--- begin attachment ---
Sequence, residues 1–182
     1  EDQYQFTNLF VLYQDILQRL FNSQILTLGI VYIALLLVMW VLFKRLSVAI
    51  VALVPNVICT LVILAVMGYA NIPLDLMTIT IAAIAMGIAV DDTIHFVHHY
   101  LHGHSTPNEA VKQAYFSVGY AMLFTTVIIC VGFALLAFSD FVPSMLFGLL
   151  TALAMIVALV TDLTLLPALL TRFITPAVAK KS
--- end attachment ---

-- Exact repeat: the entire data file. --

Sequence, residues 1–182
     1  EDQYQFTNLF VLYQDILQRL FNSQILTLGI VYIALLLVMW VLFKRLSVAI
    51  VALVPNVICT LVILAVMGYA NIPLDLMTIT IAAIAMGIAV DDTIHFVHHY
   101  LHGHSTPNEA VKQAYFSVGY AMLFTTVIIC VGFALLAFSD FVPSMLFGLL
   151  TALAMIVALV TDLTLLPALL TRFITPAVAK KS